Duwamish River Has Fewer Blackberries Along its Banks Thanks to Whale Scout Volunteers

April 6th, 2017 by Whitney Neugebauer

The Duwamish River in the heart of Seattle has been heavily polluted for years. Salmon once plentiful are now toxic to eat for people and orcas. Restoring healthy natural areas such as Herring’s House Park provide a buffer for urban runoff from entering Puget Sound.  

Our group of volunteers posing with a poster kicking off Earth Month.

Susann digging to get all the roots out of each blackberry bush

Michelle showing off her blackberry removal skills in front of a flood plain

Tena and Whitney enjoying the fact it wasn’t raining!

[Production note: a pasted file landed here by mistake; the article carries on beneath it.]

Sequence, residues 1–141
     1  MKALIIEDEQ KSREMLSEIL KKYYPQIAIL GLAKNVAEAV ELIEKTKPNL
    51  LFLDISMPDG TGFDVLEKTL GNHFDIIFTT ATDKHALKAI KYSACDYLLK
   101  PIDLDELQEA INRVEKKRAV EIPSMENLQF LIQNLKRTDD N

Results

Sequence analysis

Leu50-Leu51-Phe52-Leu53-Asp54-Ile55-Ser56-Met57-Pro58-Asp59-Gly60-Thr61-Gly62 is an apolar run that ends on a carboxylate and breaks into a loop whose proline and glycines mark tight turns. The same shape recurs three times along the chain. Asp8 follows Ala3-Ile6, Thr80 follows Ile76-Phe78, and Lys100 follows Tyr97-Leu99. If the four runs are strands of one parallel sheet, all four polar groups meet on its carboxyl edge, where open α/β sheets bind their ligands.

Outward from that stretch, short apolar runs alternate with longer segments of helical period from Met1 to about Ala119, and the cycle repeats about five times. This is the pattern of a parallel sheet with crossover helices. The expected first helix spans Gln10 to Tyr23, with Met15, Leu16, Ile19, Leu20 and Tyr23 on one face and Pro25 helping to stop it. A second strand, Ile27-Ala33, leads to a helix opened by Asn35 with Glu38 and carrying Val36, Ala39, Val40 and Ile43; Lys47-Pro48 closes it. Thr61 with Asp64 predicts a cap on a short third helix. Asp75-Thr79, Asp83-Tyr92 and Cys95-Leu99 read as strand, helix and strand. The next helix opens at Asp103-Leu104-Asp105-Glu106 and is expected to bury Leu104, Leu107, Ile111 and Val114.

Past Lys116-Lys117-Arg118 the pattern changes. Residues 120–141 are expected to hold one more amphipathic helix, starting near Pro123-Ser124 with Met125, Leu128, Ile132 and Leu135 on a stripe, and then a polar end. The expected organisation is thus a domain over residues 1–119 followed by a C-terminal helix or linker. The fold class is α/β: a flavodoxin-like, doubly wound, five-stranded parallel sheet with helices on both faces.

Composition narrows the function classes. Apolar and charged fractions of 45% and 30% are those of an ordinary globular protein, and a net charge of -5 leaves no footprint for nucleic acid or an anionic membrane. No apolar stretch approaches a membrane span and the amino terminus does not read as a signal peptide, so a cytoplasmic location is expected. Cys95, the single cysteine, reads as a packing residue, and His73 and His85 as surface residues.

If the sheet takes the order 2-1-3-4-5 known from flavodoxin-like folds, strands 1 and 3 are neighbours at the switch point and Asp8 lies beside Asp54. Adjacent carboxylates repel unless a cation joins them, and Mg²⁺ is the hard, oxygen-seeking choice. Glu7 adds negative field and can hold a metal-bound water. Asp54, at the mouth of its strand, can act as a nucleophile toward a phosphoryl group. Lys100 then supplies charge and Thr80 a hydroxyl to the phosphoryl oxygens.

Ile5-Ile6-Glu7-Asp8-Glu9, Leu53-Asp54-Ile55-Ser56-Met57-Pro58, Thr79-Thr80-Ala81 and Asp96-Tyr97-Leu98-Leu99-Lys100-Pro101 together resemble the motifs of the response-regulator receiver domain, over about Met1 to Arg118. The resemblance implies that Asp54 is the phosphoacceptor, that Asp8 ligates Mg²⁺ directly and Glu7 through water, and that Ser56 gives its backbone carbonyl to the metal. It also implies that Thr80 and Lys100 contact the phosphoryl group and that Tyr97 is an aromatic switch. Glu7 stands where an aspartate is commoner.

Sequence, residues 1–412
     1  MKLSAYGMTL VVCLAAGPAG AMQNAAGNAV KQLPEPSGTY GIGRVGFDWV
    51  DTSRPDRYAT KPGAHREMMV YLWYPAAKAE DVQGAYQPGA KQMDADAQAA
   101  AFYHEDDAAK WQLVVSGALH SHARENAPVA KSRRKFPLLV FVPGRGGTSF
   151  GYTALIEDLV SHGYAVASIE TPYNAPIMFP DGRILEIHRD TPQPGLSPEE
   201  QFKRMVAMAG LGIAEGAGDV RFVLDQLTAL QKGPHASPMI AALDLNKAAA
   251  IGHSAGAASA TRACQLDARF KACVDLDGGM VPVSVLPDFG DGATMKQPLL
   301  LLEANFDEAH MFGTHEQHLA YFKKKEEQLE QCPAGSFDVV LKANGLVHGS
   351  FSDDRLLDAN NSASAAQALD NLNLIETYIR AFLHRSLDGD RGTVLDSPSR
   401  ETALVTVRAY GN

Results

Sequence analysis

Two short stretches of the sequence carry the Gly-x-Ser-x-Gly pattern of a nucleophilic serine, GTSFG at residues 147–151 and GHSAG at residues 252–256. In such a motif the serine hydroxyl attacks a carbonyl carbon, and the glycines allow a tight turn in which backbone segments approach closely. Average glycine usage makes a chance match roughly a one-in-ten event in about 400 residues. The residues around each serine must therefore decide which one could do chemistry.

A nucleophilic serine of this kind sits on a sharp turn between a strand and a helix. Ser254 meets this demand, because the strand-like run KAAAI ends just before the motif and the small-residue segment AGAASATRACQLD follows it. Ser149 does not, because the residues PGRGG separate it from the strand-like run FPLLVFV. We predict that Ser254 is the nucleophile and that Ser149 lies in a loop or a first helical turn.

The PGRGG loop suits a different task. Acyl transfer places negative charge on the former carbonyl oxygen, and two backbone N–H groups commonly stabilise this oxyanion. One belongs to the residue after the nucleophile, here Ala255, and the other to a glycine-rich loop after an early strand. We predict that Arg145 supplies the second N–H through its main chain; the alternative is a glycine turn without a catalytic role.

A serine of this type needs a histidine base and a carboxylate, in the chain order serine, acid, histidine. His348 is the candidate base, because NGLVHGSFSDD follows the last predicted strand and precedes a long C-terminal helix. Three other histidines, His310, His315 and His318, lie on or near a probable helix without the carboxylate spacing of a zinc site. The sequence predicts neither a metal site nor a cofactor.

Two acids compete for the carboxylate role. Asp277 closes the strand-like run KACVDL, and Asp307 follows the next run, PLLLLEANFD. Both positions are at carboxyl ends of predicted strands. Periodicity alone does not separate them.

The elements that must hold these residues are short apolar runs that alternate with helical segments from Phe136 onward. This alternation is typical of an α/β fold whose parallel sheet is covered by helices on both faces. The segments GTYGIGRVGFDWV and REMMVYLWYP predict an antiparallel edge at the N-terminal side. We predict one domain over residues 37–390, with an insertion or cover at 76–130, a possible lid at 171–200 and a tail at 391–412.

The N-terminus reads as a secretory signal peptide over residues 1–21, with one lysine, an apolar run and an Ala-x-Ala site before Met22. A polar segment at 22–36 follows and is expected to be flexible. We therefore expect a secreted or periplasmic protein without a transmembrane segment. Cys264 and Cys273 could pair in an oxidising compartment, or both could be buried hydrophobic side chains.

Information posted for fishermen at the park. Salmon are the healthiest choice since they spend the least amount of time in the Duwamish gathering toxins.

Piles of removed blackberry plants on cardboard will decompose in place but not reach the soil to regrow.

 

Before and After. We cleared a large area packed with invasive blackberries – 2,250 square feet to be exact!

We concluded the day with a “rock, stick, leaf” reflection activity.  We rocked the removal of some massive root balls, what sticks with us are the memories and laughs with friends, and we leave (“leaf”) the place a better place for people and wildlife.

Join us at our next event as we work behind the scenes on a huge project on the Skagit River specifically funded to feed endangered killer whales!

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